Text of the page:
Cover image for While mortals sleep
Title:
While mortals sleep
Author:
Cavanaugh, Jack.
Personal Author:
Publication Information:
Minneapolis, Minn. : Bethany House Publishers, [2001]

©2001
Physical Description:
378 pages ; 22 cm.
Language:
English
Program Information:
Accelerated Reader AR UG 4.9 15.0 54396.
ISBN:
9780764223075
Format :
Book

Available:*

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Status
Central Library X Adult Fiction Central Closed Stacks
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Summary

Summary

A German pastor, Joseph Schumacher joins the resistance movement against Hitler, hoping to save his young parishioners from the evils of Nazism.


Author Notes

Being a student of history, Jack Cavanaugh has always been fascinated by the forces that have attempted to destroy Christianity throughout the ages. The stories of those who have endured such severe persecution has inspired him in his Christian walk.



Not only does he enjoy reading the stories of martyrs and reformers, but he loves telling their stories. It is his goal as a Christian novelist to transport his readers back in time so that they can see what it was like to live as a believer in a different time and place. It was this overall goal that led him to Germany in the 1930s. The result is a journey back in time to the 1930s to the home of a young pastor, his wife, and a youth group that is being trained in the ways of the Third Reich through a growing youth movement; the series, SONGS IN THE NIGHT.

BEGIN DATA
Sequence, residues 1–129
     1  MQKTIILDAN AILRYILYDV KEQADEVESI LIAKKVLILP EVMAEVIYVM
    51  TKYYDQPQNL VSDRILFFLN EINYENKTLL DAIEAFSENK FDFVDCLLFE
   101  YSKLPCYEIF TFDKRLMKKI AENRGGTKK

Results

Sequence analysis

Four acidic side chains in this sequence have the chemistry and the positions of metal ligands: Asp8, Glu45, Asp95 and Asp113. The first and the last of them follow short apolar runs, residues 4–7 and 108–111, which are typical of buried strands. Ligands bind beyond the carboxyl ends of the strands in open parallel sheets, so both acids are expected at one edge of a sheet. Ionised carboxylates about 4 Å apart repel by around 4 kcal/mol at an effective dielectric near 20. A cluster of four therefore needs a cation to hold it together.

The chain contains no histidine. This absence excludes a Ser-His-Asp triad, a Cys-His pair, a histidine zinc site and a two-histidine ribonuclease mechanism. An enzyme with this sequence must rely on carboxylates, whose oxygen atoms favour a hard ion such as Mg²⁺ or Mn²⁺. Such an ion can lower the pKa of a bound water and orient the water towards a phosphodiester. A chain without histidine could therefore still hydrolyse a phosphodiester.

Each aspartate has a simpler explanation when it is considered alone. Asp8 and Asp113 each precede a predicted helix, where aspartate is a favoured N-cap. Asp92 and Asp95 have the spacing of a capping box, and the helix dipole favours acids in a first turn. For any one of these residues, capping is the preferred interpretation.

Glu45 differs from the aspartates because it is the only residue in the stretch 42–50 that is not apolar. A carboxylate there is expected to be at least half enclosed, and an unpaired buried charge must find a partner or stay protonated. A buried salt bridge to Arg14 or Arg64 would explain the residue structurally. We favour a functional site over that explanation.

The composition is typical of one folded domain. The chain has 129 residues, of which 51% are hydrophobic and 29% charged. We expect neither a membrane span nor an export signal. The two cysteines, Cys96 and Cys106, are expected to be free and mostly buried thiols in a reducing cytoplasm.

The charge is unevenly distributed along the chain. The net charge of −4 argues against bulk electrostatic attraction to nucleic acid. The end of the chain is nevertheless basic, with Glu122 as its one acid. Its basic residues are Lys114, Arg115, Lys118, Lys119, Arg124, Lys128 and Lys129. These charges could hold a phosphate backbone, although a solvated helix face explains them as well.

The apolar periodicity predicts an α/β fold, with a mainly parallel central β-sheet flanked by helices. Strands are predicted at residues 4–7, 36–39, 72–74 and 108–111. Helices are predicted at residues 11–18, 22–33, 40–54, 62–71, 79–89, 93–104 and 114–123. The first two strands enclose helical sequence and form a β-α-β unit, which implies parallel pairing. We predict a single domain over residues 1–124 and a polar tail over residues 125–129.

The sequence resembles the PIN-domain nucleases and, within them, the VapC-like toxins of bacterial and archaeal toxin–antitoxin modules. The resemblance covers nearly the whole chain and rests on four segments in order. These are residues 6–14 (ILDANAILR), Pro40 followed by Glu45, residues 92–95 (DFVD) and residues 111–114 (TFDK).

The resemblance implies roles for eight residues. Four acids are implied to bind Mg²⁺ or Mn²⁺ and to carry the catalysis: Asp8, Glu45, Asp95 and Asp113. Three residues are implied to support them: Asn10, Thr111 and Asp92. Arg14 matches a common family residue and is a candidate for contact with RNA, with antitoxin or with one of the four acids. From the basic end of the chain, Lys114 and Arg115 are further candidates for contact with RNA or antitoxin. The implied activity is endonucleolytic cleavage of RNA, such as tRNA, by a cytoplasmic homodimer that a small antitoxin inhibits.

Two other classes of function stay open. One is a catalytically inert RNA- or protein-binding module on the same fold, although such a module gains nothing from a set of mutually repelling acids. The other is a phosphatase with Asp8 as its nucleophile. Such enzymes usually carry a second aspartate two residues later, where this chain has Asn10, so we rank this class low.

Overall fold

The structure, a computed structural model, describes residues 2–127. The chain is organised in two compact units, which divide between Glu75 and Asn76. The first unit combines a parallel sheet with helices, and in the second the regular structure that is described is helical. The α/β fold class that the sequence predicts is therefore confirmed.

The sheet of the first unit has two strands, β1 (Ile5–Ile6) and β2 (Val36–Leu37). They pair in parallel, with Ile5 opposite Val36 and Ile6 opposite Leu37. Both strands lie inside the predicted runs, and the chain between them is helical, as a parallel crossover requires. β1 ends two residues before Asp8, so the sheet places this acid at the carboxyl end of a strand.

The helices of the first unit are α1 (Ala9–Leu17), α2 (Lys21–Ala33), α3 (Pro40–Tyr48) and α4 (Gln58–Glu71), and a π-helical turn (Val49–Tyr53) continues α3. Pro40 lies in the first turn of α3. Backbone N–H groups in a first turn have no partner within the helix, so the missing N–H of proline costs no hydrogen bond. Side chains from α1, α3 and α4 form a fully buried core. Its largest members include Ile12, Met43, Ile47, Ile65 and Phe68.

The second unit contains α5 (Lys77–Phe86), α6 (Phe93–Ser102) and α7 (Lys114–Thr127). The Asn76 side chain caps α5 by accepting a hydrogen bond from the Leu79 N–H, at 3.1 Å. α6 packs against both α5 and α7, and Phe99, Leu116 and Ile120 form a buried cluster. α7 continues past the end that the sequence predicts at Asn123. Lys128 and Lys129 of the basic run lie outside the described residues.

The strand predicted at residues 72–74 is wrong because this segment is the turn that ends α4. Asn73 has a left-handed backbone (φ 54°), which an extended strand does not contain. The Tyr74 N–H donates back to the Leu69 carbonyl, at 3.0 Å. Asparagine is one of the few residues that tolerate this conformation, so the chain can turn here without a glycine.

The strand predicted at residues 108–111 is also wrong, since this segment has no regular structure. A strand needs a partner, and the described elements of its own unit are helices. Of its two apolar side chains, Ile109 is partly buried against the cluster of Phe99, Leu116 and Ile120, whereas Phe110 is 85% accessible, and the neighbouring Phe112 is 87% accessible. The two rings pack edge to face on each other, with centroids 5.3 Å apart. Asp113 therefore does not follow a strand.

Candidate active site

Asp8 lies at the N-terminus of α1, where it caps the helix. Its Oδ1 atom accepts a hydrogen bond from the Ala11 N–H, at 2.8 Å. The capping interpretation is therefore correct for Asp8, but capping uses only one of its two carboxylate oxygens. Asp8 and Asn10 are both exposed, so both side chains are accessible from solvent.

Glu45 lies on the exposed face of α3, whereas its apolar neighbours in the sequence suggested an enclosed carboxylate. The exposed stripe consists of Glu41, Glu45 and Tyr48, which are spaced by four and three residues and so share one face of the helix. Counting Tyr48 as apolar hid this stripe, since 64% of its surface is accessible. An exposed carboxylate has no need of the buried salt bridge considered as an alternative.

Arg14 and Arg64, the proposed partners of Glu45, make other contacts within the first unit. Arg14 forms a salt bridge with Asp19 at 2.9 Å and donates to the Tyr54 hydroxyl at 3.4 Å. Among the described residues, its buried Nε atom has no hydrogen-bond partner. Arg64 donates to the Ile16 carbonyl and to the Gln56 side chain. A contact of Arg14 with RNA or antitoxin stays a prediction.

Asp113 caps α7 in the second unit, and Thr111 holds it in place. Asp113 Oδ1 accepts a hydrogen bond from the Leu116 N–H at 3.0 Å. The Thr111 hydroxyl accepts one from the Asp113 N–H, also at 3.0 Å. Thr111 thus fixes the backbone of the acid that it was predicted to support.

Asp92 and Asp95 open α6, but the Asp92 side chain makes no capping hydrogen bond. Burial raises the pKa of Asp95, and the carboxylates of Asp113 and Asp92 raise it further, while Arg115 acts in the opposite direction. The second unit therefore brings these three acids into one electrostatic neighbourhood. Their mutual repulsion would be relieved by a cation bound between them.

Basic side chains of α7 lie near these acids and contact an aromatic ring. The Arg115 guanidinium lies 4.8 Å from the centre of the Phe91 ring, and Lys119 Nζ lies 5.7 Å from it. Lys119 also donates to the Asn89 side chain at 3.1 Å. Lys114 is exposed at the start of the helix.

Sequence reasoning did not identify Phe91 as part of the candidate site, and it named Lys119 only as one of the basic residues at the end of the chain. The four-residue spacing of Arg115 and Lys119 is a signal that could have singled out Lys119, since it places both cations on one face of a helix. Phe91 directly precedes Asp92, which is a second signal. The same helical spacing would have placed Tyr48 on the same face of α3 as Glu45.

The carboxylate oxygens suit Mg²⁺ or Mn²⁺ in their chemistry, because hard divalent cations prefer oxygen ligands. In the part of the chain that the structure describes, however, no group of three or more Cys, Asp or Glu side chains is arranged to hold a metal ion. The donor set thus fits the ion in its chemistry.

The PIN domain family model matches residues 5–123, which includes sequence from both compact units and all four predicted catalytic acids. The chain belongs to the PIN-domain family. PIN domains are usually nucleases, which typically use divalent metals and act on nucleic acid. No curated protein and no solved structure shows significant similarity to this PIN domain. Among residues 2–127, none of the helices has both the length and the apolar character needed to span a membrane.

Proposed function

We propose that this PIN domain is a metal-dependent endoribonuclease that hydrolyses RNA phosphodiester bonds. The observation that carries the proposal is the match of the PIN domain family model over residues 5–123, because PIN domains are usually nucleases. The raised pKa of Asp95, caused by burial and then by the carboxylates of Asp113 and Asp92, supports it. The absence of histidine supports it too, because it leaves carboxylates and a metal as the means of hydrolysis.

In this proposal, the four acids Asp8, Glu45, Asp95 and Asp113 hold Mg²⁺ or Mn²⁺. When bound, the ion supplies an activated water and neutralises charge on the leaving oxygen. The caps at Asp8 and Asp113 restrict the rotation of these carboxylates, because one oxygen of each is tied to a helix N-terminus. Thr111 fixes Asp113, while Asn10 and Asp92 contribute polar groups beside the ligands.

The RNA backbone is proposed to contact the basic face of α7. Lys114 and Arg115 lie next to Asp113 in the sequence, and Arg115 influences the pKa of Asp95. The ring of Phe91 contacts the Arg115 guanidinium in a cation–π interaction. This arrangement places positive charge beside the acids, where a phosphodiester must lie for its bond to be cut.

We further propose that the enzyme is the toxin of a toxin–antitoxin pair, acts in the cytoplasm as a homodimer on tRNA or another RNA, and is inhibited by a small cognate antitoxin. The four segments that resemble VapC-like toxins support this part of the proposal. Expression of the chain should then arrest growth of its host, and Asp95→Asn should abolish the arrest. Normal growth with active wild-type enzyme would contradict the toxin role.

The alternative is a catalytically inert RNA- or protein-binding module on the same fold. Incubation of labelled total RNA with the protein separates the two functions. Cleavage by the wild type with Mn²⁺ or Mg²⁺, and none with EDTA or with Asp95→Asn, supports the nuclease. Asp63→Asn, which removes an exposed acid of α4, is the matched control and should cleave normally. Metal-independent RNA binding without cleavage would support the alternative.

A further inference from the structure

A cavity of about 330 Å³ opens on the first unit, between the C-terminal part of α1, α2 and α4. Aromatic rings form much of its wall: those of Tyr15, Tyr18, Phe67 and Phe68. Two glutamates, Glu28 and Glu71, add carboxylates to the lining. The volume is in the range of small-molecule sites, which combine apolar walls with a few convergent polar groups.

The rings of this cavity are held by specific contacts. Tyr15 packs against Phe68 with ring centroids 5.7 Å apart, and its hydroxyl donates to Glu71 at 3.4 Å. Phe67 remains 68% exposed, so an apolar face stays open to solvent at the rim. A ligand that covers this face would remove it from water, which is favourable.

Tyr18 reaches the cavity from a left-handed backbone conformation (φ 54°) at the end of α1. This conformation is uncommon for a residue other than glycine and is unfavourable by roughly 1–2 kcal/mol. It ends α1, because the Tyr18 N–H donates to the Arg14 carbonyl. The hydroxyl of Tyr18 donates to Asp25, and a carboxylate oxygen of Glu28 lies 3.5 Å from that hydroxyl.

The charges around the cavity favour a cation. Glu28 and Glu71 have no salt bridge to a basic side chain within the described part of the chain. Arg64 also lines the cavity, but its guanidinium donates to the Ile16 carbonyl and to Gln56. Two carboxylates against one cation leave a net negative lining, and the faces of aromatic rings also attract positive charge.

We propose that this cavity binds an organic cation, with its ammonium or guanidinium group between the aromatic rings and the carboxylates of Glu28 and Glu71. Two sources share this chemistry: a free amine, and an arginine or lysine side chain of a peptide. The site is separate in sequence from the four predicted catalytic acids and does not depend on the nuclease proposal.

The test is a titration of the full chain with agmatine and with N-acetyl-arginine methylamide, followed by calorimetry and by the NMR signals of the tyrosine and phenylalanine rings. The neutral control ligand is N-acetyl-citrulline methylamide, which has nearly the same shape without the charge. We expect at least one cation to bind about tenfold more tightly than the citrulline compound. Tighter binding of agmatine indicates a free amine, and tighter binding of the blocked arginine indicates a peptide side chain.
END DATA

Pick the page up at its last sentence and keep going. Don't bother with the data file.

While Mortals Sleep (Book 1) and His Watchful Eye (Book 2) have both received Christy Awards.

A popular inspirational speaker, he holds a degree in history from Grand Canyon University and an M.Div. from Southwestern Seminary. Jack and his wife make their home in Southern California.


Reviews 2

Booklist Review